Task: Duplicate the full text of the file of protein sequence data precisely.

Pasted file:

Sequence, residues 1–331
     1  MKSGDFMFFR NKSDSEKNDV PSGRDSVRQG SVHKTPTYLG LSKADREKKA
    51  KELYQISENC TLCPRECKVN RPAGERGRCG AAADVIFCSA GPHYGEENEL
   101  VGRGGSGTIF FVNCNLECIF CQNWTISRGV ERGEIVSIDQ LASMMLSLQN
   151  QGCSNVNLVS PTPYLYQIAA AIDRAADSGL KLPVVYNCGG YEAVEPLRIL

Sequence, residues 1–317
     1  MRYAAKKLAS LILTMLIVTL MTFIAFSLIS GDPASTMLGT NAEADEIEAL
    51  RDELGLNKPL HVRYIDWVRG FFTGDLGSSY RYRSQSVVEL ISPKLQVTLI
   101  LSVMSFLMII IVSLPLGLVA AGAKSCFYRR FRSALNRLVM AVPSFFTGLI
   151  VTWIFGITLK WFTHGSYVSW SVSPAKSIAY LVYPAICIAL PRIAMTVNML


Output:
Sequence, residues 1–331
     1  MKSGDFMFFR NKSDSEKNDV PSGRDSVRQG SVHKTPTYLG LSKADREKKA
    51  KELYQISENC TLCPRECKVN RPAGERGRCG AAADVIFCSA GPHYGEENEL
   101  VGRGGSGTIF FVNCNLECIF CQNWTISRGV ERGEIVSIDQ LASMMLSLQN
   151  QGCSNVNLVS PTPYLYQIAA AIDRAADSGL KLPVVYNCGG YEAVEPLRIL

Sequence, residues 1–317
     1  MRYAAKKLAS LILTMLIVTL MTFIAFSLIS GDPASTMLGT NAEADEIEAL
    51  RDELGLNKPL HVRYIDWVRG FFTGDLGSSY RYRSQSVVEL ISPKLQVTLI
   101  LSVMSFLMII IVSLPLGLVA AGAKSCFYRR FRSALNRLVM AVPSFFTGLI
   151  VTWIFGITLK WFTHGSYVSW SVSPAKSIAY LVYPAICIAL PRIAMTVNML